Police fears on enforcing hunting ban
By Jonathan Barnes and Ted JeoryPOLICE officers have called for more guidance on how to enforce the ban on fox-hunting and fear they are being put in an “invidious” position by the new legislation.
By Jonathan Barnes and Ted Jeory
POLICE officers have called for more guidance on how to enforce the ban on fox-hunting and fear they are being put in an “invidious” position by the new legislation.
They voiced their concerns as one police federation chairman said she felt the ban - which comes into effect on Friday - was “unenforceable”.
Sue Kelly, chairman of the Essex Police Federation, added: “I haven't seen any guidelines at all and it will be very difficult to police. I've hunted myself years ago and I know a lot of people who hunt now.
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“But if I knew that they were going out to hunt and defy the law, I wouldn't do anything. I know of people who speed every day, but we can't be expected to nick all those.
“There will be a lot of officers with similar dilemmas and also those with particular concerns about the effect on rural policing.
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“The rural community feels extremely hard done by and feels this ban is prejudicial to their livelihoods.”
Suffolk Police Federation called for clear definitions of how officers should tackle the ban and feared valuable police time could be wasted trying to catch illegal hunters.
Phil Smith, secretary of the Suffolk Police Federation, said: “It seems to be yet more rushed through legislation that has not been thought through and it does concern me.
“It's the interpretation of the law that could prove a problem. People could go out exercising their dogs and it will waste a lot of time establishing whether they are actually hunting. Some will say that those resources could be better deployed elsewhere.
“Certainly the last thing we want is our officers getting themselves into trouble because of ignorance of the legislation and the ambiguity of what can and what can't be done. We need clear definitions of what we can and can't do.”
He added: “We can't go on to somebody's land to arrest them - and that puts police officers in an invidious position.
“If a law is there to be enforced, we will do what we can, but I wish there had been a bit more thought to the legislation change. It is going to have its difficulties.”
The warning came as hunts across the region prepared to meet on Saturday - the day after the Hunting Bill becomes law - to show the strength of feeling against the ban, although they have pledged to hunt within the law.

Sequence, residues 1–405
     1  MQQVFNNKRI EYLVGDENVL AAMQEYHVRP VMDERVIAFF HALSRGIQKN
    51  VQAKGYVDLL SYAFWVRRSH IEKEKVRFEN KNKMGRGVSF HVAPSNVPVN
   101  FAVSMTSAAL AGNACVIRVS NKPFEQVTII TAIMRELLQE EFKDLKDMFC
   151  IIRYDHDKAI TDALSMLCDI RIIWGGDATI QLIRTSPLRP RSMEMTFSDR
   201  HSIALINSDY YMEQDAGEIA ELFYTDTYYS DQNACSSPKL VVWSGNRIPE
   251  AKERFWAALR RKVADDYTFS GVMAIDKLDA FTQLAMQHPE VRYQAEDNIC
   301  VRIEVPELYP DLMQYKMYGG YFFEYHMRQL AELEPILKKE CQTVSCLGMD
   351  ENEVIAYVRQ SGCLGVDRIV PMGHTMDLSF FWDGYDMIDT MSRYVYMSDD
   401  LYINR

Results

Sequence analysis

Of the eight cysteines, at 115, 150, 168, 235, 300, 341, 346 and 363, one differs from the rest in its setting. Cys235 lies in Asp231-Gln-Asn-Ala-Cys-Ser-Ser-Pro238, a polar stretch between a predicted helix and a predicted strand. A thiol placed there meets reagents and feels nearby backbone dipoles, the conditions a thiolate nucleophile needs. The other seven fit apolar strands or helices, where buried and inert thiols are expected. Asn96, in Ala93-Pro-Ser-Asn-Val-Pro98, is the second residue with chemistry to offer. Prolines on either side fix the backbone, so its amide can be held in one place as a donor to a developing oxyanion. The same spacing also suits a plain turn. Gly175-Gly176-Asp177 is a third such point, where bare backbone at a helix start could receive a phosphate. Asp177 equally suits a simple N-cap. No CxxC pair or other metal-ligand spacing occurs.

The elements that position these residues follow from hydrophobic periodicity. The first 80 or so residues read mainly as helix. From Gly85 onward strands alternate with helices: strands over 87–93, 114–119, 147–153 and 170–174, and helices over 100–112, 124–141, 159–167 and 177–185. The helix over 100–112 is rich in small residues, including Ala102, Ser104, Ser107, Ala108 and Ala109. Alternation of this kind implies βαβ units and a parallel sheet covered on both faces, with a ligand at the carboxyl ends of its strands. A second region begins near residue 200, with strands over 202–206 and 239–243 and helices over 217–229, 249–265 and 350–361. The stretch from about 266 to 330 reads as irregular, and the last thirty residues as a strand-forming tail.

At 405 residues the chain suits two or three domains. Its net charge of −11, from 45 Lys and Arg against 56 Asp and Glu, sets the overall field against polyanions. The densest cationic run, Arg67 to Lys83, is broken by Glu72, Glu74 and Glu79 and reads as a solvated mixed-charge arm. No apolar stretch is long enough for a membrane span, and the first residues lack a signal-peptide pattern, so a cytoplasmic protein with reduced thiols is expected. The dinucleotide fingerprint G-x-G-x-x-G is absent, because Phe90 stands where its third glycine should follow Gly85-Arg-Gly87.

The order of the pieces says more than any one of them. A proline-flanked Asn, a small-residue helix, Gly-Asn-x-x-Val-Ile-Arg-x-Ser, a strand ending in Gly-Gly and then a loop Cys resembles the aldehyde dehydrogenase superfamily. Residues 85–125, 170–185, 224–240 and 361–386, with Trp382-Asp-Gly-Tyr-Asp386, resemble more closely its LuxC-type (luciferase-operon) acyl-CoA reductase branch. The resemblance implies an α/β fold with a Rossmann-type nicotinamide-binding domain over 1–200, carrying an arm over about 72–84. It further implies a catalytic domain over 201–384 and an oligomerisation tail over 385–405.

Liz Mort, eastern region director of the Countryside Alliance, said the ban was “unworkable, unenforceable and unpoliceable”.
She claimed hunts had received “mixed messages” from police about enforcing the legislation and added: “They are going to find it enormously difficult to police.
“How will they know what sort of hunt it is? Even the huntsman doesn't know if the hounds are chasing a fox or a trail, so how will the police know?”
Ms Mort said thousands of people were expected to attend Saturday's hunts, making it the most popular day of the season, and hunts would be either drag or trail hunting.
“The important thing is that until we've got this wretched Bill repealed - which we will, sooner or later - the infrastructure of hunts is kept together,” she added.
Lawrie Payne, regional spokesman of the League Against Cruel Sports, said he expected the new legislation to be enforced.
“It's quite simple - if the hunts are chasing a trail, that's fine. If they are chasing a wild animal, it's illegal. I don't believe the police are stupid and, if the hunts do, they will soon find out otherwise. The law is pretty clear,” he added.
Suffolk Chief Constable Alastair McWhirter, who is rural affairs spokesman for the Association of Chief Police Officers, said: “We will obviously work on the basis some people will still break the law.
“I'm sure we'll get a lot of demonstrations as the legislation comes in, but we will be enforcing the legislation.”